Alabaster hosts Halloween party

Partygoers at the first Alabaster Parks and Recreation Therapeutic Programs Halloween Dance and Party danced to music from a DJ. (Reporter Photo / Molly Davidson)

Partygoers at the first Alabaster Parks and Recreation Therapeutic Programs Halloween Dance and Party danced to music from a DJ. (Reporter Photo / Molly Davidson)

By MOLLY DAVIDSON / Staff Writer

ALABASTER—Santa danced with Robin Hood while Elsa from Disney’s Frozen got a slice of pizza and Daniel Boone chatted with friends. No, this wasn’t at Disney World or Comic-Con, it was the Alabaster Parks and Recreation Therapeutic Programs Halloween Dance and Party.

On Oct. 30, high school students and adults with special needs from Alabaster and Hoover enjoyed an evening of dancing, games, food and socializing at the Halloween-decorated Alabaster Senior Center.

“It’s just a lot of fun,” Alabaster Senior Adults and Therapeutic Manager Alicia Walters said. “They can meet other folks and have fun in a safe environment.”

Costumed partygoers took pictures at a Halloween-themed photo booth, ate pizza, made arts and crafts, played games and danced to songs played by a DJ.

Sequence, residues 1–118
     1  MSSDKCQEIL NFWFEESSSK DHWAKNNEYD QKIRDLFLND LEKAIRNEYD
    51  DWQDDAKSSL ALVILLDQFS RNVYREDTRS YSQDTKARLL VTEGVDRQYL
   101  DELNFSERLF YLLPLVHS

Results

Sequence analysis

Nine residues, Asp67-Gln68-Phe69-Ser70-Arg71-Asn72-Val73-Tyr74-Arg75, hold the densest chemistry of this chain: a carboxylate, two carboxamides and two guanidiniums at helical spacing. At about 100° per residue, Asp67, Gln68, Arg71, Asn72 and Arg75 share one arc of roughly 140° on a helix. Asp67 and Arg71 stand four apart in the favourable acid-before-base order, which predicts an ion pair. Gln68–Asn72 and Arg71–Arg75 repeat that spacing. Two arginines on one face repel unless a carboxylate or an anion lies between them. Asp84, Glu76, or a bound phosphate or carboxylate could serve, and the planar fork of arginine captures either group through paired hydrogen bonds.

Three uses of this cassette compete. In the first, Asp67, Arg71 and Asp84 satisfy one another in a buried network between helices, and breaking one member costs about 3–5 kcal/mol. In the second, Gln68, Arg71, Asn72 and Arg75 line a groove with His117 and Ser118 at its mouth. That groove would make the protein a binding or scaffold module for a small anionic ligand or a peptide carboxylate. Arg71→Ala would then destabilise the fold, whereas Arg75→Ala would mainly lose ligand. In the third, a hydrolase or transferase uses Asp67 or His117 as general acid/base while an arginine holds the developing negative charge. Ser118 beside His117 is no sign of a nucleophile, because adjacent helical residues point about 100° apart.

The party was not only a chance to dress up and have a good time, but it also gave attendants the opportunity to meet peers from neighboring cities.

“We invited local groups who have programs similar to our,” Walters said. “This is a city-run event, we focus on Alabaster… but we wanted to invite our neighboring communities. It’s just kind of an additional event they can come and enjoy.”

Sarah Olive, dressed as an Auburn fan for the party, said she enjoyed the opportunity to socialize and meet people.

“I like meeting new people and making friends,” Olive said, but she was quick to add the music and dancing were her favorite parts of the Halloween party.

“I kind of agree with her,” a Daniel Boone-costumed Daniel Dabbs chimed in, adding he enjoys dancing and also spending time with friends.

The Oct. 30 Halloween dance and party was the first of its kind, but Walters said she hopes to make the event into an annual tradition in Alabaster.

“If it’s a success, we’d like to continue to do it,” Walters said. “We have a therapeutic program here, and I’m just constantly wanting to grow the programs and meet the needs.”